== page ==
A relative sent me a video of a debate between an evolutionary biologist and a creationism advocate. Better yet, a young-earth creationist. I’ve sent him back a rather detailed critique of what I saw — suffice to say here that it was more of a farce than a debate.
The biologist was quite simply a terrible speaker, and the creationist spent most of his time playing word games and avoiding the issue while tossing out cheap shots. I’d like to say that I did my best to approach the debate with an open mind, but the word games set me on edge right away. As far as I could tell, the creationist conceded every significant factual issue about evolution raised by his opponent, at least as a functional matter, but he found a way to fold his concessions into phrasings that made it look like his young-earth creationism made more sense. Fundamentally, he missed the central point — the subject of the debate was whether there was scientific validity to evolution, not whether young-earth creationism is an ‘equal’ theory. But the bulk of his time was spent either making semantic maneuvers or positing young-earth explanations of phenomena like coal column or the Grand Canyon.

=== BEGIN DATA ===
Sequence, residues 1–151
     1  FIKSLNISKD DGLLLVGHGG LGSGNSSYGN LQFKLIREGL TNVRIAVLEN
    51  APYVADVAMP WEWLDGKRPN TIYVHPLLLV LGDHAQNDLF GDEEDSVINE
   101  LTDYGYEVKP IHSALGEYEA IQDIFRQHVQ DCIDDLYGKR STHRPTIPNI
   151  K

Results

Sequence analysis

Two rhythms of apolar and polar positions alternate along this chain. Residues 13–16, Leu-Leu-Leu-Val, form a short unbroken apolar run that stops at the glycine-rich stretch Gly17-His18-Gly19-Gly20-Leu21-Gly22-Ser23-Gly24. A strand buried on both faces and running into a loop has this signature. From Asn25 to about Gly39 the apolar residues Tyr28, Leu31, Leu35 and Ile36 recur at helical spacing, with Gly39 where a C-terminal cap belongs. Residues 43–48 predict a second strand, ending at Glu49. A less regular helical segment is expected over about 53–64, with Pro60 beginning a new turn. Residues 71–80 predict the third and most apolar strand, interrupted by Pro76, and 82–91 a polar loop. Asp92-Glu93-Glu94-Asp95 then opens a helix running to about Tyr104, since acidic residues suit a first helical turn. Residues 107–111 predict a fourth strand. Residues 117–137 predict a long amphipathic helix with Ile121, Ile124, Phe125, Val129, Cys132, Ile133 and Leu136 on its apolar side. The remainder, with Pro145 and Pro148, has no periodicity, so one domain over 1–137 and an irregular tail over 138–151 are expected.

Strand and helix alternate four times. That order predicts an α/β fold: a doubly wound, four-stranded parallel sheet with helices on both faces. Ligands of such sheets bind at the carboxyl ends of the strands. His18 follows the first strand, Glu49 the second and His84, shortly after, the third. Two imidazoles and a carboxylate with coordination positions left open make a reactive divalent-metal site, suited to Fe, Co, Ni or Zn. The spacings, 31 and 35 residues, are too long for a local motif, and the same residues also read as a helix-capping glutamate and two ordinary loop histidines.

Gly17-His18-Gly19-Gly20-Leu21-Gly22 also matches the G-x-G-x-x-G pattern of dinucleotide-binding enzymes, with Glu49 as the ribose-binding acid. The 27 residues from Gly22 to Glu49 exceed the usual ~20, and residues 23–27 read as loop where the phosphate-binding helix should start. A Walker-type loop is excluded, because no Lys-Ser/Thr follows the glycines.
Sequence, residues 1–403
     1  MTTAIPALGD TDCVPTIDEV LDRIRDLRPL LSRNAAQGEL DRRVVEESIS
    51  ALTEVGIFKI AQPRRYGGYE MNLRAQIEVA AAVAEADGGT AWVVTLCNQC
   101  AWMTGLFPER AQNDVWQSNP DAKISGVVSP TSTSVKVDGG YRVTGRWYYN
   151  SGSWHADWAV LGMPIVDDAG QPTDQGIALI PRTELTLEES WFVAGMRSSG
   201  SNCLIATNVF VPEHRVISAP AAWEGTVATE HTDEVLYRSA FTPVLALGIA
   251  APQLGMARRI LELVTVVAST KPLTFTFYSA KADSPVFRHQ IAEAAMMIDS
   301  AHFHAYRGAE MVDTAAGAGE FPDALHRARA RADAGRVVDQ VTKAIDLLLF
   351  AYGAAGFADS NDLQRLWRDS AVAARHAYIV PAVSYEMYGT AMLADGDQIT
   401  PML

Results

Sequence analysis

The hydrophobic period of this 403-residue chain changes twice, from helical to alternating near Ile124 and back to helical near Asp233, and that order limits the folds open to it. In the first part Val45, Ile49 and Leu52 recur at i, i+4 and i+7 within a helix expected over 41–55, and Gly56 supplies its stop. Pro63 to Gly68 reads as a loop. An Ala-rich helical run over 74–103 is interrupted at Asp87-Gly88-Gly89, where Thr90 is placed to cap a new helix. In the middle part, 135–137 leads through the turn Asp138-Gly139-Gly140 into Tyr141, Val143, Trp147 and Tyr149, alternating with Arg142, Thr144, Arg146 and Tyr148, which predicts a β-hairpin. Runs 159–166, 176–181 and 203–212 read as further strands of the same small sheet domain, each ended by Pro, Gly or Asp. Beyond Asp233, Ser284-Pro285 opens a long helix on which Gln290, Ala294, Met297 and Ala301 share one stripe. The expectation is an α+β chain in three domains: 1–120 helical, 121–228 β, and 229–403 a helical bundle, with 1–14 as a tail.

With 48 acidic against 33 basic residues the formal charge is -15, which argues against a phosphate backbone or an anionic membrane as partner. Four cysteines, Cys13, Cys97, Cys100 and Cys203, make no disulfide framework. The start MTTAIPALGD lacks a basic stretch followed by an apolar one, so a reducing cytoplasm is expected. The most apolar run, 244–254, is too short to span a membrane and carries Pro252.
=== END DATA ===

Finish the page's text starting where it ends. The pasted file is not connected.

Here, I want to opine that I need to learn to not get drawn in to that sort of thing. I was up until quite late writing about the astonishing number of intellectual problems I found with the creationist’s presentation, when I should have been getting some shut-eye. I learned a lot of stuff about how young-earth creationists think, which was worth my time, but I could, in theory, have extended the project out over several days instead.
I think it’ll be more or less straight to bed after dinner tonight.
(Cartoon by XKCD.)